Want to grind a specific mission and unlock something? Just go do it! No need to wait for an arbitrary real world timer.
    This choice doesn’t exist in Darktide, and you are entirely beholden to the whims of the automated schedule.

It overall feels like the game is much more aggressively trying to demand your time. Which is fatiguing in the current gaming climate.

A Guess As To Intent :question:

Now this may come across as cynical, but it’s how I genuinely feel about the whole thing.

Firstly - on Combat:

I feel like the team’s ultimate goal is to really make it so that each class has a defined role on the field so that the team can (attempt to) operate as a multi-faceted machine with less overlap between players.

This becomes easier to sell to more casual, less experienced, or less “technical” players as it reduces the difficulty in becoming an “effective” player, and also gives them a more defined target to vent their frustrations towards when they lose.

  • “Get cornered by the horde? That damn Ogyrn isn’t doing his job as the horde clearer! That’s why we wiped, not because of my poor positioning!”
  • “These specials keep taking us out. What the hell is our Psyker/Veteran doing? I have two anti-horde weapons so it’s their job to kill them!”
  • “There’s no scoreboard! We lost the mission, but it totally wasn’t my fault and nobody can prove otherwise - not even me!”

This is opposed to how VT2’s meta eventually developed into a state where “everyone is responsible for a bit of everything” regardless of your class. If you shirked dealing with specific targets, whether intentionally or just as a consequence of your poor build, you and by extent the whole team suffer for it.
This meant that if you ran a specialist build, you needed to really know your stuff and how to play around your weaknesses on the off chance that your teammates weren’t able to cover for you.
But it also meant that if you -really- knew your stuff (I’m talking like solo Legend/Cata consistently), you could practically solo missions. Which I think is a reward in and of itself and not something to be discouraged.

There was less of a guiding hand into how you should approach character building and combat. And based on the combat team’s insistence on obscuring details as to not scare people away, this shift in design philosophy that consequentially takes player agency away definitely feels intentional. Much to my and others’ chargrin.

Secondly - on the game as a whole:

I think it is very clear that Vermintide is designed from the onset to be a “longer term” title. A live-service type game in the vein of successful games-as-a-service titles such as Warframe and Destiny 2. Whether or not this is due to influence from Fatshark’s parent company is anyone’s guess, but I wouldn’t be surprised if there was some nudging from the higher ups in this regard, as well as this being a response to the types of players who stuck around in VT2.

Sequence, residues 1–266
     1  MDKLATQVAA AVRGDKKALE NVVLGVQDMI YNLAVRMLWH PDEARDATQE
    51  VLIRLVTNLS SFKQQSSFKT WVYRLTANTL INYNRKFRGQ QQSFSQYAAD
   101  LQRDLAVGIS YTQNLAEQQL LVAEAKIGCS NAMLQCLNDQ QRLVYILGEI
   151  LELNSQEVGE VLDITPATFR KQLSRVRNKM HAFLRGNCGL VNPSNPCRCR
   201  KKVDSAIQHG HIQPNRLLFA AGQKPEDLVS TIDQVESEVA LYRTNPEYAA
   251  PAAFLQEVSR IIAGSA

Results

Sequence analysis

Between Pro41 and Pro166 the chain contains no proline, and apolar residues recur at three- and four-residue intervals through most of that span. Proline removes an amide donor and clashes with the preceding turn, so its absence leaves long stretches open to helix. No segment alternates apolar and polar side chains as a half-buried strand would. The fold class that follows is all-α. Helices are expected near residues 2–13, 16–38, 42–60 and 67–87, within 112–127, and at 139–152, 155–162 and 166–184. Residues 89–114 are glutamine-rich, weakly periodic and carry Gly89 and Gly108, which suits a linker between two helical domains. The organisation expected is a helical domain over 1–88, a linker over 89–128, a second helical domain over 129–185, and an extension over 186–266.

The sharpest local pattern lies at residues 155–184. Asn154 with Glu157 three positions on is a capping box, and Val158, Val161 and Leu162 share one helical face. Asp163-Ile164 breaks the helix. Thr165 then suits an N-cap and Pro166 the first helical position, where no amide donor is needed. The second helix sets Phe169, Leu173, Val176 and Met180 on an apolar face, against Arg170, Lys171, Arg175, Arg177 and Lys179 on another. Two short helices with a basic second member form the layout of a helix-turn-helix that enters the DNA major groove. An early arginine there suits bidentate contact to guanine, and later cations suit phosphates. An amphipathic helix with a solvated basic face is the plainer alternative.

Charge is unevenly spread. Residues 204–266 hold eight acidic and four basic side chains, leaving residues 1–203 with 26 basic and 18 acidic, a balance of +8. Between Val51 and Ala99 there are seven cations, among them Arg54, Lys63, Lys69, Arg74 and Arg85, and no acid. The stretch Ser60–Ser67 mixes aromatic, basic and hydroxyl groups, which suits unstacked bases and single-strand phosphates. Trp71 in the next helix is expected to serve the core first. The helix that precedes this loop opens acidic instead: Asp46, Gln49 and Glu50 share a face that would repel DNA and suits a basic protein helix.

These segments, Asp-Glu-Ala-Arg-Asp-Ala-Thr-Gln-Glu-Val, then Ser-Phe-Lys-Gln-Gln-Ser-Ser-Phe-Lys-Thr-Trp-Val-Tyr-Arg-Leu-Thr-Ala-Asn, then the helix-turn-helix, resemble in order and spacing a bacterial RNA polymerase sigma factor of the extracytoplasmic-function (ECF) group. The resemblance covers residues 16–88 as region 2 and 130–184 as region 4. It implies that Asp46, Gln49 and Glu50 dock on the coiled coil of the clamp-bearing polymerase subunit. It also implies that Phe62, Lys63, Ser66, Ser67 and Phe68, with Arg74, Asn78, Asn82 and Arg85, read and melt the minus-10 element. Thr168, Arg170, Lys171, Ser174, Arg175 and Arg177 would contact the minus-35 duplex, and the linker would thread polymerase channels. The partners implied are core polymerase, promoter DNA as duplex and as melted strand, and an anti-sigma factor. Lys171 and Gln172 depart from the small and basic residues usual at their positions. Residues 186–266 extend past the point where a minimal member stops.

• The always-online component prevents players from taking fixes for any issues they have with the game into their own hands.
  • The forced multiplayer hub allows players to show off their shiny cosmetics to others. Possibly encouraging further investment (be it time or money).
  • Weapons have even MORE randomness to them than before. Meaning that the people looking to optimize builds and get that “perfect” weapon will have to again, invest far more time (or emperor forbid - money)
  • Various systems are tied to real-world time. From the very weapons you can obtain in the shop, from the actual missions you can play. Encouraging FOMO and driving player engagement up once more. Is that thing you want not available? Then come back later today/tomorrow for a chance to get it!

It feels… manipulative and tiring, for lack of a better descriptor. In an environment where it feels like every game is aggressively competing for your time, it’s just one more thing on the pile. One more subscription to go alongside netflix. One more medical issue as you grow older (okay maybe not quite that severe, but you get the idea).

In fact, it’s almost a stark opposite to the approach they had with VT2.

Conclusion :checkered_flag:

While I’ve clocked 36 hours over the past week and might play some more this evening, as well as many hours more in the future - I find my interest steadily waning in a way that didn’t happen with Vermintide until I started approaching the three-digit hour mark. To the point where I’m telling perspective players/friends to “wait for patches to fix X”.
This is because at it’s core. Darktide is a fun game. There’s no question about it.
But there’s just so many misteps on top of that solid core that just… really dampens the experience.